It’s Day 7 and I am going about my normal activities. So far, no one has pointed and/or gasped. Without the ointment now my face feels tight and very, very smooth. Still a tiny bit of peeling and the one bruise over my right eyebrow still slightly visible. I’m obsessed with being covered with sunscreen, and yet still, for the few minutes I’m in really intense sun walking to my car between meetings, I’m paranoid about my tender new skin. I put on sunscreen at 6:30 in the morning to walk the dog–that’s new. I’m carrying sunscreen in my car in case I need to re-apply, or ever forget to put it on in the first place (unlikely).

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Here's one of my "before" shots.

Another "before."

The first "after." Dr. Zimmet took this one in his office.

Still Tuesday, July 27

See the Active FX Laser Resurfacing Video, part 1.

It’s the evening of the procedure day and I want to give a quick recap. First we shot some “before” pictures. At about an hour before the actual procedure began Dr. Zimmet’s aesthetician, Hadley, covered my face with a topical anesthetic and gave me a Xanax (mild tranquilizer) and a Vicodin (pain reliever). After about 30 minutes my face started to feel quite numb. After 60 minutes, Dr. Zimmet came and in and administered shots (nerve blockers) to my forehead, near my eyes, and near my mouth. The shots weren’t too bad; Dr. Zimmet “shakes” the area so the shot doesn’t pinch much. And by this time I was feeling the Xanax, which tends to make everything easier. I tied my hair back and Hadley gave me a headband to get all of my hair off my face. They started the chiller—chilled air was blowing on my face the entire time, which felt really good, because the primary feeling from the laser was heat.

Dr. Zimmet started the laser treatment around the edges of my face—he called that “feathering,” I’m not sure why. I think he starts there because the sensation is the least strong. The most sensitive place was around my mouth. It reminded me a little of the sensation with Thermage, which is kind of like being zapped with something hot. He did my eyelids last, and I think using a different tip. I expected that area to be the most sensitive but it wasn’t bad at all. The whole procedure took maybe 30-35 minutes. Afterwards, they gave me a mirror. My face was already kind of brown with little spots all over my skin. We took some more pictures, and then Hadley covered my face with ointment. Dr. Zimmet had told me that it would feel like a major sunburn, and having had some bad sunburns in my teens I remember what that feels like, but I think this may have been even hotter. They gave me some ice to hold to my face, and I did so all the way home. (I went through P. Terry’s–best veggie burgers in Austin!–drive-through on the way home, and I’m sure the guy thought I looked freakish, but I was starving and didn’t really care).

When I got home I felt very sleepy, probably from the Xanax. (And I’m still sleepy now, so will post the recovery directions tomorrow.) When I woke up it felt like most of the ointment had soaked in, so I put some more on and took a close look at my face. It’s pretty puffy, which is normal for the first couple of days. It’s quite brown, like someone with really terrible sun damage. You can see the little dots created by the machine. I took a few pictures. I don’t really feel pain unless I touch my face; the right side feels a little bit sore. I’m supposed to put the ointment on four times a day and not let my face get dry, and I think I might need to apply it even more than that because it feels like it’s soaking in. It still feels kind of hot, and tight. All of which I expected. Can’t wait to see what I look like when I wake up in the morning!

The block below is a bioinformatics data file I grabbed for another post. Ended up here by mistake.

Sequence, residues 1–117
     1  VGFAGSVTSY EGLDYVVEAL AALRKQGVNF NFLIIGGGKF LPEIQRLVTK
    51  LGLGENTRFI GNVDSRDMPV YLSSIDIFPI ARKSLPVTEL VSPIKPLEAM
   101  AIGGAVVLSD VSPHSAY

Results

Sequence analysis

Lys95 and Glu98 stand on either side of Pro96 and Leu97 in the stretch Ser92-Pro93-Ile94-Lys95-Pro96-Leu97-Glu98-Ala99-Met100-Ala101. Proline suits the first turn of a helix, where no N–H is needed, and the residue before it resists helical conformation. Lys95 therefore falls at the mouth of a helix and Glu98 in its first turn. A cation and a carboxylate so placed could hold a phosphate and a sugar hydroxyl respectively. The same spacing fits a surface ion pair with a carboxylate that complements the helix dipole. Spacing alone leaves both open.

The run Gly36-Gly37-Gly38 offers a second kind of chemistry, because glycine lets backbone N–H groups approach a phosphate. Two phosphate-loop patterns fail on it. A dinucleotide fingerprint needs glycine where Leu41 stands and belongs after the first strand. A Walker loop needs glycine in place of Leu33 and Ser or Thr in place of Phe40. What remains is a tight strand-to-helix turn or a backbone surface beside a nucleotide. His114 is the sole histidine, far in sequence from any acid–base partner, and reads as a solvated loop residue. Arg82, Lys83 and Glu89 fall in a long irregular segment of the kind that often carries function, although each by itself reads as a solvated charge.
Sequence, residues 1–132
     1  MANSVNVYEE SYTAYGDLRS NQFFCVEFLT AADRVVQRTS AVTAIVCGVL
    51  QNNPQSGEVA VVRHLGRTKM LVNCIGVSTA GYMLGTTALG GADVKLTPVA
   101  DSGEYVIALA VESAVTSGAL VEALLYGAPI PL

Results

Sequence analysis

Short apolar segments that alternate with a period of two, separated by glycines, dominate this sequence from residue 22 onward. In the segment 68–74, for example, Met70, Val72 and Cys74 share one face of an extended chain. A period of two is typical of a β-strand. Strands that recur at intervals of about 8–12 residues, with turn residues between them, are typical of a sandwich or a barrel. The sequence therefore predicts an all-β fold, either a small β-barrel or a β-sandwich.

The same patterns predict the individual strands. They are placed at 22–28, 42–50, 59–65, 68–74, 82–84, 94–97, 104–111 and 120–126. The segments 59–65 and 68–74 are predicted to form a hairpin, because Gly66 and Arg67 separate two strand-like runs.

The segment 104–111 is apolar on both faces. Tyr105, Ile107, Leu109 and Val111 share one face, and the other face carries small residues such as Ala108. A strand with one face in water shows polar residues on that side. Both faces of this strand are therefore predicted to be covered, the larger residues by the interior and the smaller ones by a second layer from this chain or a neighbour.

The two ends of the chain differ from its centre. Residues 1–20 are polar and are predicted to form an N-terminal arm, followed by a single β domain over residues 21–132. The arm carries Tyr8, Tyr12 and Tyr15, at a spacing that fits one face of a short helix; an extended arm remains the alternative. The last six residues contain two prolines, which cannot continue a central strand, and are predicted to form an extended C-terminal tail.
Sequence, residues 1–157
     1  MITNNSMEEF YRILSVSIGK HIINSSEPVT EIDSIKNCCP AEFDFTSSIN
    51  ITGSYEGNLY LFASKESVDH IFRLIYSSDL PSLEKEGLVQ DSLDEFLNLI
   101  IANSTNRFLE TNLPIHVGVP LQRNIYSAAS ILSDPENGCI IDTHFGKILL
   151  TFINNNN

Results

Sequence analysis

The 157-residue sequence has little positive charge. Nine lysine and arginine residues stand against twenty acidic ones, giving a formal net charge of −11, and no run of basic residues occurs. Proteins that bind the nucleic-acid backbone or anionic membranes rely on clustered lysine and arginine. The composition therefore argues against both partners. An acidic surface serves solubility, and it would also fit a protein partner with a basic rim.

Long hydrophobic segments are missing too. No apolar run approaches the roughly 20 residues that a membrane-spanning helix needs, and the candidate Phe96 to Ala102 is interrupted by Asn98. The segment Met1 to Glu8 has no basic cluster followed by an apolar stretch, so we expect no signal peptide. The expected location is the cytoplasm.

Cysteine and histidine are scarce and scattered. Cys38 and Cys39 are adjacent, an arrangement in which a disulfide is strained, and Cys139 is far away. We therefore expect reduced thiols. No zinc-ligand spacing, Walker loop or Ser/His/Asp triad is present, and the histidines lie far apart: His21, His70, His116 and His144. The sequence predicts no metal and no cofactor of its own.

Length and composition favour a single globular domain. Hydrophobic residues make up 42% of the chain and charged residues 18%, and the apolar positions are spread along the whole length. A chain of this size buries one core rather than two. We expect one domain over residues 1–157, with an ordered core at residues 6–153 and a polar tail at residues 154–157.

Tuesday, July 27

Today is the day! I woke up at 4 a.m. with that pre-vacation sort of anticipation. I was happy to have time to walk my dog, since he probably won’t have a walk for the next four days unless I can get a friend to walk him. I remembered to wear my glasses instead of contacts, since they’ll be putting the disc things in my eyes before the treatment. I’m here now at Dr. Zimmet’s office, early to meet Julia who is going to interview me and Dr. Zimmet, and possibly Lydia. He went over the entire procedure with me again and asked several times if I had questions. They are very, very thorough here with preparations and checking in. Hadley called yesterday to make sure I’d gotten my prescriptions. I’ve remembered not to wash my face with anything but mild soap (not exfoliating) the last couple of days and I also remembered to take the Valtrex twice yesterday and once this morning. I’m a little nervous . . . curious what it will feel like and will be happy when the actual procedure is over. Dr. Zimmet told me again that I’ll look sunburned and possibly puffy at first and that in the days to come it might feel like the getting-back-to-normal process is taking a long time. I think that will be one of the valuable things about this diary. There are lots of before-and-after pictures online, but I haven’t seen any of the in-between pictures. I plan to post a picture or two every day so you, my readers (I hope there will be some readers!) can see the whole process—the good, bad and the ugly.

Monday, July 26

Tomorrow is the day. I’m excited.  Yesterday I bought some inexpensive blue pillowcases at Target. Dr. Zimmet suggested old pillowcases but I don’t have any of those (except some that I used to cover up plants during winter freezes).  This evening I am planning to go grocery shopping and to the movie store.

Dr. Zimmet’s office called in two prescriptions for me and I picked them up at Walgreen’s on 45th and Guadalupe. Continue reading

Skin Vein